Auarhau wrote:You said "that diagram is correct", which one did you refer to?
I'm referring to the "highly regarded diagram" from earlier in this very thread
. It's correct, but it can be improved simply by adding a couple of wires and removing the resistors.
There are many ways of doing it. If you're not very sure how to begin, and the schematics don't "speak" to you, I'd say start with the simplest approach. It's just wires, no resistors or capacitors. It can be improved later without messing with the wiring on the machine (all the work will be in the electronics enclosure).
You are right, you need to repeat the two-switches-on-three-wires jiggery-pokery twice, for the X and Y axes, and a single switch (with three wires) for the Z axis. Here's what the wiring may look like for each of X and Y:
You need to connect a total of five signals: +5V, GND, and the three switch signals. However, to use just five connector pins, you'd have to splice the GND and +5V for the three axes somewhere outside the electronics box. If you have 4-pin DIN connectors, you could use one per axis and avoid splices, or you could wire two axes into one connector and the third into another connector. For the connector with two axes, simply run the cable from each axis into the connector, and solder the two +5V wires together to one pin, the two GND wires to another pin, and the switch wires each to its own pin. Like this (the connector pins, at the top, are shown in a line for clarity):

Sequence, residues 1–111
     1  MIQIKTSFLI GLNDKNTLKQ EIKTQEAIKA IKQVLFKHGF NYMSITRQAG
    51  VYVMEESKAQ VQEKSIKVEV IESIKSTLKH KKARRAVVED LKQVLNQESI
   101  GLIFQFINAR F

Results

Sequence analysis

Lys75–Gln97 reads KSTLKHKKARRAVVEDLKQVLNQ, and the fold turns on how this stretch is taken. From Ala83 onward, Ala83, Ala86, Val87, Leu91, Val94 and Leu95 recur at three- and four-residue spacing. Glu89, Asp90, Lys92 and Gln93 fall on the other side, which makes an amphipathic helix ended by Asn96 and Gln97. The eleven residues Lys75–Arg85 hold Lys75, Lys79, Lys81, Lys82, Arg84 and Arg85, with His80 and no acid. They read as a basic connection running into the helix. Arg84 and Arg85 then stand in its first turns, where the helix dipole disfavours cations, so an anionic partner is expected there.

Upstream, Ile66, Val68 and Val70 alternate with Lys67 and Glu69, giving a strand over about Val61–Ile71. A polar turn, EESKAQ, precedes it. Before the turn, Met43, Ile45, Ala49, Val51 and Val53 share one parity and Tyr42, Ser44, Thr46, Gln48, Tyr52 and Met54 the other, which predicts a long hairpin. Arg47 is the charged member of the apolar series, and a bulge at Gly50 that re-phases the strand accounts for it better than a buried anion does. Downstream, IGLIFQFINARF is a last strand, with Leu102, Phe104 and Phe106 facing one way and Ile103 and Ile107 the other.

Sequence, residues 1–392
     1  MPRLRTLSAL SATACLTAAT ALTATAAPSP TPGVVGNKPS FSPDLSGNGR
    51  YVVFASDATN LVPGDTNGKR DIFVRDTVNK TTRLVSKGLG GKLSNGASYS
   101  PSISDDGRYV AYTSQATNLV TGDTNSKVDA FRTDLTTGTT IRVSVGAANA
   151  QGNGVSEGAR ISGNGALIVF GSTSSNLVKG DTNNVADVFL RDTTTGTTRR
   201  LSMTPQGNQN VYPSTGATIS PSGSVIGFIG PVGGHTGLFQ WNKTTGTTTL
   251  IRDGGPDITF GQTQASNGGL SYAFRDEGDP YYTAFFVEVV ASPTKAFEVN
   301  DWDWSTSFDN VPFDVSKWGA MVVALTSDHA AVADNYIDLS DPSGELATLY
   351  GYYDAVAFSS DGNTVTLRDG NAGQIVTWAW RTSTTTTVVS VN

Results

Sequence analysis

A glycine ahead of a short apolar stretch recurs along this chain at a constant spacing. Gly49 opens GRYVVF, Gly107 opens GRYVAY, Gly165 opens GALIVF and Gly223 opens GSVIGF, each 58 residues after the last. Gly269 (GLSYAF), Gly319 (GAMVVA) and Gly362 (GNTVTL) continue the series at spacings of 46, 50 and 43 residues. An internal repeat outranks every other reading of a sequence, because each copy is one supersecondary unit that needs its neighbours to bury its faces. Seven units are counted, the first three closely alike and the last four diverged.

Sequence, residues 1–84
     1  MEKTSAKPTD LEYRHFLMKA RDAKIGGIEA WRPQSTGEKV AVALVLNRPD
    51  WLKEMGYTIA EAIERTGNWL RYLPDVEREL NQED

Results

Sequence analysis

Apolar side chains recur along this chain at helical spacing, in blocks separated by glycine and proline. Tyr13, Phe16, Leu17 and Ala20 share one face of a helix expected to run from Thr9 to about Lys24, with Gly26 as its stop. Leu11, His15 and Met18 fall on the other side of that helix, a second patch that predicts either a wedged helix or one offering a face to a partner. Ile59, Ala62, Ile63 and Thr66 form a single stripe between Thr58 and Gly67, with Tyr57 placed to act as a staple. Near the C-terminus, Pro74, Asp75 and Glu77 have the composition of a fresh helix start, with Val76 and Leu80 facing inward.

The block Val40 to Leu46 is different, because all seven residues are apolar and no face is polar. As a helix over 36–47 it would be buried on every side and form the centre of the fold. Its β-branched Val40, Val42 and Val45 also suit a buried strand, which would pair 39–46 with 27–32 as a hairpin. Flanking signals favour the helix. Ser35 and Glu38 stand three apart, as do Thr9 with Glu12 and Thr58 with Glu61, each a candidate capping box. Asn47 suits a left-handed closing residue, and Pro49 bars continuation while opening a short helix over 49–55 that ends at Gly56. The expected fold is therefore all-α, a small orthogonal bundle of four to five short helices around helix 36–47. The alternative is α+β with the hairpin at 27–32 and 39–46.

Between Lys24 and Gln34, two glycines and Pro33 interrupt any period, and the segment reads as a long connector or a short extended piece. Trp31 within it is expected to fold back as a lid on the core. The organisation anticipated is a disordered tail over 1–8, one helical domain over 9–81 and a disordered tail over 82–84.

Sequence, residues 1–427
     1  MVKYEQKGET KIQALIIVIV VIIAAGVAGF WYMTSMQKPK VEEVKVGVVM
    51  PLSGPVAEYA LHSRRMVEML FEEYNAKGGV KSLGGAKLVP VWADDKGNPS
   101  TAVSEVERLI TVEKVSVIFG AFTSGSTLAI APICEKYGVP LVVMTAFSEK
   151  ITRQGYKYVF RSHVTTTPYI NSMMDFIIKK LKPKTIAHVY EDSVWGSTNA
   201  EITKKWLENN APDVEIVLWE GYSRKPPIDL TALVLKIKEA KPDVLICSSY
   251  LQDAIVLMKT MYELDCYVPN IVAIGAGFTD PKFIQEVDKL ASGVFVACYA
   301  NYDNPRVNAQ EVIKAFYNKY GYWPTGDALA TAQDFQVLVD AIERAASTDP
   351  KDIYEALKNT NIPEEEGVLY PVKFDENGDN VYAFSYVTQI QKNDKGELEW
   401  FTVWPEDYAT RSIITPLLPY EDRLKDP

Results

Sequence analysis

If you have a screw shield, the rest is easy: all +5V wires (orange in my drawings) go into the IOREF terminal of the Arduino, GND (blue) to one of the GND pins, and the limit switch signals (yellow) to D9, D10, and D12 (or D11). If you don't have a screw shield, splice wires with DuPont pins at the end of these wires, and plug those into the female headers. Or solder them to male pin headers, and plug those in. Or use a prototyping shield -- many possibilities.
Now if you want to add the pull-ups and filters, and maybe the Schmitt triggers, you can do it on a breadboard, or soldered on perforated board ("perf board"). You can also solder them "in air", but that can be a recipe for disaster: if you don't secure them, they may shift and touch a motor connection, which could fry everything.